FDA Warnings Against Supplements for Depression
FDA will evaluate claims and other information on a dietary supplement’s website to establish the product’s “intended use.” In general, a dietary supplement is allowed to make claims about having an effect on the “structure” or a “function” of the human body. If FDA finds that the product is intended for use in the cure, mitigation, treatment, or prevention of disease, it will be deemed a “drug” under section 201(g)(1)(B) of the Federal Food, Drug, and Cosmetic Act (“FD&C Act”). FDA routinely takes enforcement action against such unapproved new drugs.
In a February 18, 2021 Constituent Update, FDA announced that it had issued warning letters to 10 companies for illegally selling dietary supplements, containing a variety of ingredients, that all claim on their websites, as well as their Amazon product pages in some cases, to cure, treat, mitigate, or prevent depression and other mental health disorders as follows:
ProHealth Inc. for Full Spectrum™ St. John’s Wort Extract41T for claims involving anxiety and mild-to-moderate depression;
Dr. Garber’s Natural Solutions for Dr. Garber’s Depression Relief for claims involving depression and postpartum depression;
FDC Nutrition Inc. for Inositol 100% Pure Free Form for claims involving anxiety, blood sugar control, insulin sensitivity, and fertility in women;
Blossom Nature, LLC for products containing St. John’s Wort with claims including “St. John’s Wort is effective as prescribed antidepressants but with no side effects;”
Native Remedies dba Silver Star Brands for MindSoothe Drops and MindSoothe Capsules with claims involving depression, insomnia, loss of appetite, binge eating, overeating, “loss of interest in activities that are normally enjoyable,” and “difficulty concentrating, remembering details, and making decisions;”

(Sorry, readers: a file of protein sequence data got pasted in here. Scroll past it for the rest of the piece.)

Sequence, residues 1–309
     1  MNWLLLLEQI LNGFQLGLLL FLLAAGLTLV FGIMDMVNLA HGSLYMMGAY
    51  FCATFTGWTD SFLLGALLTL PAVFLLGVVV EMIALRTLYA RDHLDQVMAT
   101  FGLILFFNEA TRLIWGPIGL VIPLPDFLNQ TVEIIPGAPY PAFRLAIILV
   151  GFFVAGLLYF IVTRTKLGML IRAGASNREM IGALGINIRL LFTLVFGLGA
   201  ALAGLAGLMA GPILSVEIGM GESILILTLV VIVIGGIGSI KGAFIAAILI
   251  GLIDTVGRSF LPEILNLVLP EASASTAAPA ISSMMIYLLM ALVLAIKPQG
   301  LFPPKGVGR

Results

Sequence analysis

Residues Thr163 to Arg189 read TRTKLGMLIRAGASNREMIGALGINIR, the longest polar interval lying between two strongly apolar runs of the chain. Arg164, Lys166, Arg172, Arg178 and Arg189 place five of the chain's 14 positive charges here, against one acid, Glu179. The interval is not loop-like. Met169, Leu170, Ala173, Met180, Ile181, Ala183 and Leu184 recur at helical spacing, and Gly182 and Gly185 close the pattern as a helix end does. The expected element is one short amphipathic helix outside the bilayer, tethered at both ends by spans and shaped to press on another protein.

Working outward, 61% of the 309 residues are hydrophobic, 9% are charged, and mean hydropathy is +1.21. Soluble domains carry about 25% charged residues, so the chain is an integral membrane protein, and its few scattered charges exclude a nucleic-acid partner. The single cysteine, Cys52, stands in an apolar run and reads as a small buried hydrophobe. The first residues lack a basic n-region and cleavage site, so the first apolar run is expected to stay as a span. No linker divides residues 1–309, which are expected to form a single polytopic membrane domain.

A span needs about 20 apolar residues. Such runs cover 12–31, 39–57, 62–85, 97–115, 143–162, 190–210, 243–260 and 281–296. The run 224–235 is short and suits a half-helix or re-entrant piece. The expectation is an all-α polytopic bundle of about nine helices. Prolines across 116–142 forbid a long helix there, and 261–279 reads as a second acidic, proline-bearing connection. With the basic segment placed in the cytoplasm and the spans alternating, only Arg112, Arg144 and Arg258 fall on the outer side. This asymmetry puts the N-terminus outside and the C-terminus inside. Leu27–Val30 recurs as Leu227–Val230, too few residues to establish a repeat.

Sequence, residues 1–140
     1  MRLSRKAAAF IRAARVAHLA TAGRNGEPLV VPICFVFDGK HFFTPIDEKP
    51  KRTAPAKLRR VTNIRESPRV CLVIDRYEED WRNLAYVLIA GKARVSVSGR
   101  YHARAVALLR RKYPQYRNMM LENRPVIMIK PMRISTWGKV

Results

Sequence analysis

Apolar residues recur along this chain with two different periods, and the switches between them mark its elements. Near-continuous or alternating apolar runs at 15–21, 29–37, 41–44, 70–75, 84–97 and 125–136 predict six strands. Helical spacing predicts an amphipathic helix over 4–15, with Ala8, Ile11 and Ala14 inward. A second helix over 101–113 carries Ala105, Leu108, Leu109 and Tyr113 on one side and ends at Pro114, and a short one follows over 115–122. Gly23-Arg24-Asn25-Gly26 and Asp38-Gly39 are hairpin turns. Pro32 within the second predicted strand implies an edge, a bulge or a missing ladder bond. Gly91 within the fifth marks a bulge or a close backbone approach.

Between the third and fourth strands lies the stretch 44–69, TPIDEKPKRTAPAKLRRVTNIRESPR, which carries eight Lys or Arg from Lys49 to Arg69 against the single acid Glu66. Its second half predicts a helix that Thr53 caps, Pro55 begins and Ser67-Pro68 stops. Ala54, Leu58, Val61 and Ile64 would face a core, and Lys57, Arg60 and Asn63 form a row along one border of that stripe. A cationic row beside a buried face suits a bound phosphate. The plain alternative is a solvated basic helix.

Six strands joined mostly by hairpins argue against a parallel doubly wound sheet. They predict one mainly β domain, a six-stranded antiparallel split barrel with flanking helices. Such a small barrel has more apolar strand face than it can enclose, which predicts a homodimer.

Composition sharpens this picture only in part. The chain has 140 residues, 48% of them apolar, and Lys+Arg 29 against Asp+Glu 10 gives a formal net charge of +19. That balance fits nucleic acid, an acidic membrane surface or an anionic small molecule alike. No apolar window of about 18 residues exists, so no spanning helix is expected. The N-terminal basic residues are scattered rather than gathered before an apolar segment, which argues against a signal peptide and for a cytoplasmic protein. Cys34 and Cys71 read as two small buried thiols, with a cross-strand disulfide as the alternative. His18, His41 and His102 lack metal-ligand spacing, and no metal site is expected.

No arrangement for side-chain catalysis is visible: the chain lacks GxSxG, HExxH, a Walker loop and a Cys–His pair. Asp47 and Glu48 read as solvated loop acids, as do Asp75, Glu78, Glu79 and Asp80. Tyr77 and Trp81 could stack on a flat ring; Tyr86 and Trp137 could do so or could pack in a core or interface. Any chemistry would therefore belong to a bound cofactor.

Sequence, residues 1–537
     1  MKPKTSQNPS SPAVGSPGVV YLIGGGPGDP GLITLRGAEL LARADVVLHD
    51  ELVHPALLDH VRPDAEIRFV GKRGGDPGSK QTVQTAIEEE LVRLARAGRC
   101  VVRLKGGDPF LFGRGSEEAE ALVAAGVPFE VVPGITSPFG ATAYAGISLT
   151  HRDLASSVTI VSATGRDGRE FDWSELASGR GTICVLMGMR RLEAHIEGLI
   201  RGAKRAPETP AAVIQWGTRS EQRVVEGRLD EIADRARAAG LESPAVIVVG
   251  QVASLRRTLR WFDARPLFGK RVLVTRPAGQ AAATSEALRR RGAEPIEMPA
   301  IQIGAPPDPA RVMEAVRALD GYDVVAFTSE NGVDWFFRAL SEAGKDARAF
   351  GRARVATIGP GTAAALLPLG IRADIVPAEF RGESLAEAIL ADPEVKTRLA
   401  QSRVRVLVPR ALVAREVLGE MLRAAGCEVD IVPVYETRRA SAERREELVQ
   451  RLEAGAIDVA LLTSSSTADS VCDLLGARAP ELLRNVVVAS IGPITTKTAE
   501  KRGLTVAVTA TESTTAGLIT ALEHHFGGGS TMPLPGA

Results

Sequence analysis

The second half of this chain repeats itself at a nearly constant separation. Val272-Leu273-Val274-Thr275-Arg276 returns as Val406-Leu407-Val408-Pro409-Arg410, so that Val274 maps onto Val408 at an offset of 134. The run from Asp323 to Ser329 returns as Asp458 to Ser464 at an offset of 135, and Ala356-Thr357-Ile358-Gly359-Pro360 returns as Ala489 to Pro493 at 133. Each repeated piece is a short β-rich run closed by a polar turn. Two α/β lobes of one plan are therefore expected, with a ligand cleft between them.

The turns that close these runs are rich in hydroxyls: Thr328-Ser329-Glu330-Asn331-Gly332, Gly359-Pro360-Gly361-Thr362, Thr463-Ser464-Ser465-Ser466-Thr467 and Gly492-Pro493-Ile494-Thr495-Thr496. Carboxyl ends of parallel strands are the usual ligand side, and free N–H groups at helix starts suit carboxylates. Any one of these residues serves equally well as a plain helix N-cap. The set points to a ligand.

Wholesome Wellness for its Natural Anxiety & Depression Relief product with claims involving “7 healing herbs” that act as a “natural antidepressant,” including Gotu Kola (wound healing and disease prevention), Rhodiola Root (depression and anxiety), St. John’s Wort (mild-to-moderate depression), Ashwagandha Root (anxiety and depression), Lemon Balm Leaf (a “range of medical disorders,” anti-inflammatory compounds, antithrombotic properties), Ginkgo Leaf (to cure diseases, protects against neuronal damage), and Eleuthero Root (diabetes, cognitive disorders, and frequent colds);
SANA Group LLC for Sleep Sana “Sleep Drops” and “Sleep Shots” products claiming to contain ingredients for treating various diseases and symptoms, including GABA (anxiety, attention deficit hyperactivity disorder (ADHD), blood pressure, pain), L-Tryptophan (insomnia, sleep apnea, depression, anxiety, facial pain, premenstrual dysphoric disorder (PMDD), ADHD, Tourette’s syndrome), Valerian (sleep disorders), and Melatonin (seasonal affective disorder (SAD), “winter depression”);
Mountain Peak Nutritionals for Mood Support, which the website says contains ingredients such as 5-hydroxytryptophan (5-HTP) (“increases serotonin levels,” “equal effectiveness compared to drugs like Prozac, Paxil, and Zoloft”), B-complex vitamins (“often shown to be deficient in depressed patients”), ginkgo extract (“antidepressive effects”), and St. John’s Wort (“just as effective as pharmaceutical antidepressants in alleviating symptoms of mild to moderate depression, and with very few side effects”);
Lifted Naturals for Mood Boosting Probiotic and claims for “PREBIOTIC, GOS– the ONLY prebiotic that’s been proven to help with anxiety,” and treatment of postpartum depression; and
Enlifta LLC for “Enlifta Mood Elevator,” a “doctor designed” “antidepressant” and “Enlifta Anxiety” involving claims for “7 proven ingredients that remedy severe anxiety,” including Chamomile Flower (anti-inflammatory), English Lavender Flower Powder (insomnia and anxiety), and Passion Flower Herb Powder (“One study showed it worked as well as a common prescription medication for treating anxiety, but had fewer short-term side effects”).
FDA’s February 18, 2021 letters note that depression and other diseases are not amenable to self-diagnosis or treatment without the supervision of a licensed practitioner and, therefore, it is impossible to write adequate directions for a layperson to use the products safely for the intended purposes. To reduce the risk of potential FDA enforcement action, all dietary supplement manufacturers should ensure that they only make appropriate structure/function claims for their products.